In a sense, our world ended Dec. 14

If you can read this then I’m presuming the world didn’t end on Dec. 21 and I didn’t waste my time paying the cable bill in advance.

I’m hoping we all had a blessed and lovely Christmas or appropriate holiday of your choosing. Me, I love the entire season of Thanksgiving through Christmas.

I’m sorry to say that New Year’s Eve is just a sad also-ran holiday to me. No one I know even gets all that excited about it until Dec. 26 when champagne and cheese platters become momentarily fascinating.

The feeling passes quickly. End. Still, I think most anyone with a heart and soul can agree that the joy has been sucked out of us all this year. I feel in some ways like the world as we know it ended one week ahead of schedule: On Dec. 14 in a bullet-riddled elementary school in Connecticut.

I can say a prayer. I can change the channel. I can commit to 26 acts of kindness. I can’t, however, seem to get it out of my mind. I picked up my teenage son after school last week and looking at our sweet, somewhat homely brick school, so much like the one in Connecticut (the post-baby boom being a popular time to construct low-slung little brick schools) I choked up right there in the front seat of my car.

Small town

We are a small rural community. We do not have one “town center.” The school, in a very real sense, IS our town center. The building and the people contained within it are a second home and family to our kids.

To say that our schools are the heart of our community is not just a figure of speech. It’s trite, it’s small-town, and it is true. Even after Columbine I didn’t feel THIS vulnerable. The buzzers and the cameras provided a (false) sense of security. Experts today try and make us feel better.

However, reading that our children are statistically safer in a classroom than riding in a car was cold comfort to me. While we have all, sadly, had to accept that riding in a car is inherently risky, I think — hope — that we have not yet reached a point where we accept that there is a smaller, but still inherent risk to 6-year-olds at circle time.

We are comparing apples-for-the-teacher to oranges and that breaks my heart.

Little

If you are a parent you know the many little things that make up a school child’s arsenal. Glue sticks, crayons, a juice box for snack. I actually had the strangest thought, out on the blue: lunch bins.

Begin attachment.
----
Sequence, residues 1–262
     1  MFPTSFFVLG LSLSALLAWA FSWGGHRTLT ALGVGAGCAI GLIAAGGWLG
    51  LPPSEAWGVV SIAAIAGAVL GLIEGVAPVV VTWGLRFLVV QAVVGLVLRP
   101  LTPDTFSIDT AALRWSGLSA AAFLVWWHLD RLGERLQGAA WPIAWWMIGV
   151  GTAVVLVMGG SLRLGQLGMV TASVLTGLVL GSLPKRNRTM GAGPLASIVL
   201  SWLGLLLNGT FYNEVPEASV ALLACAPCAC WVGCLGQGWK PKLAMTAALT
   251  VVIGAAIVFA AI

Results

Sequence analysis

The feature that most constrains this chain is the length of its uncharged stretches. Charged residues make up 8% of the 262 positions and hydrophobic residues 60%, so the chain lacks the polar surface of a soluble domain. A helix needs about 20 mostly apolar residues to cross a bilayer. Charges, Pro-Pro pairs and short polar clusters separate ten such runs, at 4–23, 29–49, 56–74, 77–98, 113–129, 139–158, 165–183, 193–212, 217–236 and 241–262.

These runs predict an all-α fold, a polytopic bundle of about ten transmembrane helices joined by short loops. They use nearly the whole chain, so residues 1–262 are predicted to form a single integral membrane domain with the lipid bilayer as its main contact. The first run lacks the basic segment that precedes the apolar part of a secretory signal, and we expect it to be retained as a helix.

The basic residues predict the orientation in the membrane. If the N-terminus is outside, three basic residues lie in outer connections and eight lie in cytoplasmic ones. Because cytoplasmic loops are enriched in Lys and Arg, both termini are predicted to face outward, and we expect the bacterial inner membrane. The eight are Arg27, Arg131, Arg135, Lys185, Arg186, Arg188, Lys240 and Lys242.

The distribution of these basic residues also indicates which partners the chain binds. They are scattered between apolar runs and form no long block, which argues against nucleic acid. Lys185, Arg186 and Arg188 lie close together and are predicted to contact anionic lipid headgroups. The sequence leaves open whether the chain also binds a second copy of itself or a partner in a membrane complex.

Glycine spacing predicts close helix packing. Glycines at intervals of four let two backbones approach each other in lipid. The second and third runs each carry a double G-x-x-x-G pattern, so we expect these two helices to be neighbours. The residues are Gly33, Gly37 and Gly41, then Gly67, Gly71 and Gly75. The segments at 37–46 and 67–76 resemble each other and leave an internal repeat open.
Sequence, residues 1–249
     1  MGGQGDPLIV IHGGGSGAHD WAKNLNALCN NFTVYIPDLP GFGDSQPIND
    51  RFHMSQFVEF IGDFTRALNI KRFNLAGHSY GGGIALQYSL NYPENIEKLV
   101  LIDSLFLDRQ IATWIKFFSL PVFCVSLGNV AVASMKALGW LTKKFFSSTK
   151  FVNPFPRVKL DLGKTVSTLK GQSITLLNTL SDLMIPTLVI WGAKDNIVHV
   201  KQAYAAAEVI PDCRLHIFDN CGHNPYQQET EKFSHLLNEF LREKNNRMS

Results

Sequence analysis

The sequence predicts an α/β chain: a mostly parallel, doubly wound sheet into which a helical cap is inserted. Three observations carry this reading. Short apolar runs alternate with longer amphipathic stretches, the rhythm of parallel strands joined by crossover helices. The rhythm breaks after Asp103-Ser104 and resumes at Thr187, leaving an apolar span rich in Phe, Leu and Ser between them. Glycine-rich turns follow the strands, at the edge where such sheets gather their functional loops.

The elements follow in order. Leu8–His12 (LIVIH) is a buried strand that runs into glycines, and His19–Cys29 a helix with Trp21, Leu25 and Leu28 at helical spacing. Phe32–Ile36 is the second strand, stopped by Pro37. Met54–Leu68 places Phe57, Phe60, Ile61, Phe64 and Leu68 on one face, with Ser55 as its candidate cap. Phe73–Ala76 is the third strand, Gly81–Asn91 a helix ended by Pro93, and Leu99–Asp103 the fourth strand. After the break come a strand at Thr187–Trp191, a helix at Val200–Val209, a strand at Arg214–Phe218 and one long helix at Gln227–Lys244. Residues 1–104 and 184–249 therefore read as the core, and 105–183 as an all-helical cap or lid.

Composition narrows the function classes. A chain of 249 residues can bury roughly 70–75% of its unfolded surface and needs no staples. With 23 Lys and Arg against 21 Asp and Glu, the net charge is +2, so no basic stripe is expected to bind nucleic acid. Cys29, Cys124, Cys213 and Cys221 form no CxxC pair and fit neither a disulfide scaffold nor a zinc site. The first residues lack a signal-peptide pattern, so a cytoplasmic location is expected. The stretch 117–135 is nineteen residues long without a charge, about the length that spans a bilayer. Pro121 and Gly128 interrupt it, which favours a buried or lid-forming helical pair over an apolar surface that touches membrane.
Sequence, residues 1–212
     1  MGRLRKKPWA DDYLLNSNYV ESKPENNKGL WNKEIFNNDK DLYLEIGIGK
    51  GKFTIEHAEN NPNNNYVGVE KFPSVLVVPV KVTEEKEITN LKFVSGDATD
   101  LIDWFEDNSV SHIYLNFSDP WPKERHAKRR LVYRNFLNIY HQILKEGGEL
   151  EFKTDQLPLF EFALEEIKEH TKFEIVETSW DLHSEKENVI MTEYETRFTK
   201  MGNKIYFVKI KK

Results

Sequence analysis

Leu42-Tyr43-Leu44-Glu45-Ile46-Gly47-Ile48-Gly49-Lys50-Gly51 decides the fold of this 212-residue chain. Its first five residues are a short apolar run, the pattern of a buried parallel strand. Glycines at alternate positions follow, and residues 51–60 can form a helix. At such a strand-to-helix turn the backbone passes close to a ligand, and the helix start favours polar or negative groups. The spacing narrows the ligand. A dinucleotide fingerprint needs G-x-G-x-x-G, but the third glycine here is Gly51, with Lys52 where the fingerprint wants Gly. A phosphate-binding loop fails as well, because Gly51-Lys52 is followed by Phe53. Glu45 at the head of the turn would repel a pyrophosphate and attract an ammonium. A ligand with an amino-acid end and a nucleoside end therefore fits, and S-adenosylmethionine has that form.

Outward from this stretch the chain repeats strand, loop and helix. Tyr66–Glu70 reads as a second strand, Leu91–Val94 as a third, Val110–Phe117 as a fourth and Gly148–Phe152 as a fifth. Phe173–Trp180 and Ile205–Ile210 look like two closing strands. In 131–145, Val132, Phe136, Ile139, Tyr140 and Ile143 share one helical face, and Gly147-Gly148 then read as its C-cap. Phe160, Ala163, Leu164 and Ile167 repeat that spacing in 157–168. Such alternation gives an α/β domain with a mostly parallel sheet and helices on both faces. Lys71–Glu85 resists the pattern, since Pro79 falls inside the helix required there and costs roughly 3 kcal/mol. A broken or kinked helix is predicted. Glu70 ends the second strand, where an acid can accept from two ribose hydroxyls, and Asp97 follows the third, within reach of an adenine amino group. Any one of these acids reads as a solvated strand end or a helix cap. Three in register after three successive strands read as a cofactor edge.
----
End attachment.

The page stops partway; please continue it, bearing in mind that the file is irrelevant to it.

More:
I actually thought of 20 families who will probably at some point have returned to them the lunch box that their child took — but never returned with — from school. I cried over that. Again.

All of the Sandy Hook victims of any age were innocent and precious but it is the little ones — and little things — that break me down. I am not going to do this story justice but my 13-year-old told me of her big gruff male teacher who reassured the children on the first day back to school after the Newtown Massacre with, “I want you guys to know you are safe here. I will without hesitation jump in front of anyone who tries to hurt you.”

She said the girls in class were teary in gratitude and “some of the boys looked pretty sad too.” I’m grateful for that kind of dedication. I believe in it. I am also aware that it is a whole new world when “we’re going to learn so much!” as an inspirational speech has been replaced by “I would take a bullet for you.”

Do-over. The world did not end Dec. 14 but it certainly cracked for many of us. There is a “before” and there is an “after.” There are days we wish fervently that we could return to. Like children, we want a do-over. I think most agree that these include April 19, 1999, Sept. 10, 2001 and Dec. 13, 2012.

We think we would do something differently. We swear that we could — and would — stop this. Let’s ask ourselves today before the next “do-over” date what it is, exactly, a do-better would be?

Hope you had yourself a merry little Christmas and we are now ready to get down to the business of the new year. Along with the resolution to be a better person, to be kinder, gentler, thinner, richer or any of the resolutions we tend to make this time of year, let’s move toward a bigger one.

Gifted poet Maya Angelou has written, “When you know better you do better.” Let’s all work together to make this the year that we finally do.

About the Author

Warm, witty and just a wee bit warped, Kymberly Foster Seabolt is a native of Kent, Ohio, who survived childhood exposure to disco and grew up to marry and move to the country. Her column weaves her special brand of humor with poignant, entertaining, and honest portrayals of parenting, marriage, and real life. She currently lives in northeastern Ohio with her husband, two children, two dogs, two cats, and numerous dust bunnies who wish to remain nameless. More Stories by Kymberly Foster Seabolt

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